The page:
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16 nabbed from anti-lockdown protest in London
Published : 27 Sep 2020, 21:48
Sixteen people have been arrested and nine police officers were injured during clashes at the anti-lockdown demonstrations in central London on Saturday, reported Xinhua, quoting the Metropolitan Police.
Thousands of people massed in Trafalgar Square on Saturday carrying a variety of signs, flags and placards to take part in a "we do not consent" rally. None of the protesters appeared to wear face coverings or to maintain social distance, the London-based Evening Standard newspaper reported.
Officers clashed with crowds when they tried to shut the event down due to breaches of social-distancing rules. Bottles were thrown and police used batons against protesters, leaving some with visible injuries. At least three protesters and one officer were treated by medical staff, said the newspaper.
"As the crowds began to swell in Trafalgar Square, it became impossible for people maintain social distancing and keep each other safe. Likewise, there appeared to be no efforts by organizers to engage with crowds and keep those assembling safe from transmitting the virus," said Commander Ade Adelekan who led Saturday's police operation.
"This lack of action voided the risk assessment submitted by event organisers the night before. Therefore, today's (Saturday's) demonstration was no longer exempt from the Coronavirus regulations. In the interest of public safety, officers then worked quickly to disperse crowds," said Adelekan in a statement.
"Sadly, nine police officers were also injured while policing the event. Two of which required hospital treatment for head injuries," read the statement.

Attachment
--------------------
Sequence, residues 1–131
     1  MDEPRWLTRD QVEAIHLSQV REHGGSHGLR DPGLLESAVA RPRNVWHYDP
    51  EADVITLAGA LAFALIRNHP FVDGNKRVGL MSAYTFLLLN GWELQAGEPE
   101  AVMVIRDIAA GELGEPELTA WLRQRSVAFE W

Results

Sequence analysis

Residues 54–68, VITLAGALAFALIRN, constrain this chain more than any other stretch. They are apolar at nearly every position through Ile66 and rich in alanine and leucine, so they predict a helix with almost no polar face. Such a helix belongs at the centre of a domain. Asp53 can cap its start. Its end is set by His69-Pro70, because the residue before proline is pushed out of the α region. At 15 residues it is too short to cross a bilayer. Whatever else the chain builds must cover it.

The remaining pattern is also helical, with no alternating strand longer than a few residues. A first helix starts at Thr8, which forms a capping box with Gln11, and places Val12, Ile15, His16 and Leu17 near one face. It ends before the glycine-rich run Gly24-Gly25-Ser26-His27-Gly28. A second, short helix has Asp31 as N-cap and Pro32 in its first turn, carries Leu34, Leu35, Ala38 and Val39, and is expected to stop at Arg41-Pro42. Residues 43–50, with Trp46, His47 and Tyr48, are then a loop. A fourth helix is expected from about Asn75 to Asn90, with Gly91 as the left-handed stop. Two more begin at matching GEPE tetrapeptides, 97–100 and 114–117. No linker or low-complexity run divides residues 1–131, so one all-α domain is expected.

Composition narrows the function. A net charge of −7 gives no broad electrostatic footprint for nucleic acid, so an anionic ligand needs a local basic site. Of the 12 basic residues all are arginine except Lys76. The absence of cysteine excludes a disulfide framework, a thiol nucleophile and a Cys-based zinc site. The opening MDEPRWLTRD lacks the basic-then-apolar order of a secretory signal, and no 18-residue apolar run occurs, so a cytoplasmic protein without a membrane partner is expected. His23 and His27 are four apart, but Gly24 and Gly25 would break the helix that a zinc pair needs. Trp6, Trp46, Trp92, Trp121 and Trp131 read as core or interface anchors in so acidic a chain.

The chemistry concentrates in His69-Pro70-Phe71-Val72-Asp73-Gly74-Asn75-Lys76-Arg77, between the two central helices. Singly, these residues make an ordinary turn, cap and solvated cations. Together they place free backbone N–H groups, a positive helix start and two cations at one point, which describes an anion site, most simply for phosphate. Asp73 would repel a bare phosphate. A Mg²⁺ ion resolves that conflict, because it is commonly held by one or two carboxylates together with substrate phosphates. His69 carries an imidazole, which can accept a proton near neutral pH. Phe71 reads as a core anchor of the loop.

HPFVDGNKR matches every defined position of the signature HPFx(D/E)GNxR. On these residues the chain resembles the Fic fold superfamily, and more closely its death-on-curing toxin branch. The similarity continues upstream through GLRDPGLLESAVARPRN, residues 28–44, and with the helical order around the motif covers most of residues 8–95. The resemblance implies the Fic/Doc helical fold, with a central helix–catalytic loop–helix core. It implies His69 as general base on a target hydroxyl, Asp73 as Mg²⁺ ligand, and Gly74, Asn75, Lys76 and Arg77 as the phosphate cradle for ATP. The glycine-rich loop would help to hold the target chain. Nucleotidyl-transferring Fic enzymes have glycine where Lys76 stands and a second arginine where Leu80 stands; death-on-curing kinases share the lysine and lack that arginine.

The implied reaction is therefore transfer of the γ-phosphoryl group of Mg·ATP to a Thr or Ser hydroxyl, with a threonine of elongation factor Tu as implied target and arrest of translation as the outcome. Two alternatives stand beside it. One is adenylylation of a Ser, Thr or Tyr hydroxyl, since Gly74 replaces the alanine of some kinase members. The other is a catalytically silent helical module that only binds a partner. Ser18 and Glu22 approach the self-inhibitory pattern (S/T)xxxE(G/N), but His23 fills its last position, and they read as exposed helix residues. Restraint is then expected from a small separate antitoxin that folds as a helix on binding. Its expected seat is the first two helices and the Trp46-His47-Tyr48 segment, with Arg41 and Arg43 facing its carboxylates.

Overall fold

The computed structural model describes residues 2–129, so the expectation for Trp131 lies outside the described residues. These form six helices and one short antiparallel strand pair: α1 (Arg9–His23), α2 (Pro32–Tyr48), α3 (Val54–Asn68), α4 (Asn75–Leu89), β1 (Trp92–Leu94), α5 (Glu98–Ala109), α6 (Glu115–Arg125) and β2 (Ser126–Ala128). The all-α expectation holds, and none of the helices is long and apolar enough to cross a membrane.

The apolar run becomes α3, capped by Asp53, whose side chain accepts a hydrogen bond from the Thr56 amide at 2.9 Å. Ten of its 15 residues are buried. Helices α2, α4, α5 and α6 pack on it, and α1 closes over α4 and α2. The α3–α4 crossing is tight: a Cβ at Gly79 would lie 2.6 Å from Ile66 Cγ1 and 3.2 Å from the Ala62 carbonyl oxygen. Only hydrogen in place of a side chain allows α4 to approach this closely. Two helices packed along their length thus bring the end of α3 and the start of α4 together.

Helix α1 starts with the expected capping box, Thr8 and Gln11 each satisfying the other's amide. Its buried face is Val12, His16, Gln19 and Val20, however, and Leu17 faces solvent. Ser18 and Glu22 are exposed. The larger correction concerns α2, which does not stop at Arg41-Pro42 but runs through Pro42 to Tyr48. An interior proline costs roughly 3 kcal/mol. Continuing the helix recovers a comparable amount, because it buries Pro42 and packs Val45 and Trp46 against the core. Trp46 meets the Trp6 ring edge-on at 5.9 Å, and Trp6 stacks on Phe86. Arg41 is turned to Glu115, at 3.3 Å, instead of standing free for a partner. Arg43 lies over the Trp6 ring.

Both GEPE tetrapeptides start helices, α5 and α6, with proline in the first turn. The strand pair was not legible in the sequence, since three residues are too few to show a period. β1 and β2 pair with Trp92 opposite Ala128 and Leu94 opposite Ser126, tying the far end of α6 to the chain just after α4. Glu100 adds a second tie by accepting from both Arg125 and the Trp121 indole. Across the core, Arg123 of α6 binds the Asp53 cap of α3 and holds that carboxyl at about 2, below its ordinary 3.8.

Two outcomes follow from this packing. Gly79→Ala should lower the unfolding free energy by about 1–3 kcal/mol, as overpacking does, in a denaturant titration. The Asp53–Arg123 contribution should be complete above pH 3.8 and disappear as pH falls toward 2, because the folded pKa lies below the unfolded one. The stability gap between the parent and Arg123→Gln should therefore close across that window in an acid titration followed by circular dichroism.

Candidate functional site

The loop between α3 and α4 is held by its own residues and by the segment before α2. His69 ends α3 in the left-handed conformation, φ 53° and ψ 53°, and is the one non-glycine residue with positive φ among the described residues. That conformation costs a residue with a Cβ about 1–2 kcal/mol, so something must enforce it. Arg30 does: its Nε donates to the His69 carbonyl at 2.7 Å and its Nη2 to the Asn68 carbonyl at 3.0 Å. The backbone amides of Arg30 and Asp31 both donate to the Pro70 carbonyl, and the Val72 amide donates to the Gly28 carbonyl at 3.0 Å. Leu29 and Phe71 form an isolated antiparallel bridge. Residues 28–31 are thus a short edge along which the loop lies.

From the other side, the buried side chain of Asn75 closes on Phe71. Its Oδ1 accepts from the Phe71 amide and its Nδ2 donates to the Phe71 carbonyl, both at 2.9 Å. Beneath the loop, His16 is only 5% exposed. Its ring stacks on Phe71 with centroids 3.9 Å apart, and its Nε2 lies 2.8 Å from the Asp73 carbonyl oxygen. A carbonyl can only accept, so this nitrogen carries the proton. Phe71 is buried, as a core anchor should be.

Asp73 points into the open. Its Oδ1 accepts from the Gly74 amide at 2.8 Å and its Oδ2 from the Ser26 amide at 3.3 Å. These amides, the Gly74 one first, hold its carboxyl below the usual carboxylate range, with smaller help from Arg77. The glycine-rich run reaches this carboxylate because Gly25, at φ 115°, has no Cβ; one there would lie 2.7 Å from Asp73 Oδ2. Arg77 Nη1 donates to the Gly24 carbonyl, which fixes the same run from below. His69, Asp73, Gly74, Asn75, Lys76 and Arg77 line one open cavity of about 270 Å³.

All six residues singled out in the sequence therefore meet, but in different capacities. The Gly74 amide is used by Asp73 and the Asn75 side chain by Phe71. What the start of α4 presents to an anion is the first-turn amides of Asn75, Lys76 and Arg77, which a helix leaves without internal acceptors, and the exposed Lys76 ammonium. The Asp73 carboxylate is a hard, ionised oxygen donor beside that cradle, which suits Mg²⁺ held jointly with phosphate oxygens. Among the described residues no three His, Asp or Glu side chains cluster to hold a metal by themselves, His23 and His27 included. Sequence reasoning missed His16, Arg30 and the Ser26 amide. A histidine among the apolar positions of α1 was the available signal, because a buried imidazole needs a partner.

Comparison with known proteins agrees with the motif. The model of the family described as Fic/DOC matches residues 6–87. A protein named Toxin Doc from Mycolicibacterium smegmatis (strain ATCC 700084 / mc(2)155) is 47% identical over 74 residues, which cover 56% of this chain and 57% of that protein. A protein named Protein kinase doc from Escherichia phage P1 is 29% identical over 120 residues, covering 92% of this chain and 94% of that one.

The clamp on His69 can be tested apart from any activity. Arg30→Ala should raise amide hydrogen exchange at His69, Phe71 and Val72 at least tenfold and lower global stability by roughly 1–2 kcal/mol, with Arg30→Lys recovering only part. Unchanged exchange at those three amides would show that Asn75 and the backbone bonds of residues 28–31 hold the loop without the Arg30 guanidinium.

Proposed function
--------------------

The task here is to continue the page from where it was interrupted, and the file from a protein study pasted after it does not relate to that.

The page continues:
The London police said it had been engaging with organizers throughout the week to remind them of their legal obligations and explaining the events could be in breach of coronavirus regulations.
While protests are exempt from the "rule of six" in England, organizers must submit a risk assessment and comply with social distancing.
The anti-lockdown protest took place as London is being placed on the national COVID-19 "watch list" as an area of high concern "because of a spike in cases and hospital admissions".
Advisors of the British government had warned the capital's R rate, which refers to the number of people that an infected individual goes on to infect, may now be as high as 1.5 -- the same level seen in the North West, North East and the Midlands, which have all been stung by additional COVID-19 measures, the Daily Mail newspaper reported.
The warning came at a time when countries, such as Britain, China, Russia and the United States, are racing against time to develop coronavirus vaccines.
The British government's Chief Scientific Adviser Patrick Vallance said earlier that it is possible that some vaccine could be available in small amounts later this year, but it is more likely that a vaccine will be available early next year, although that is not guaranteed.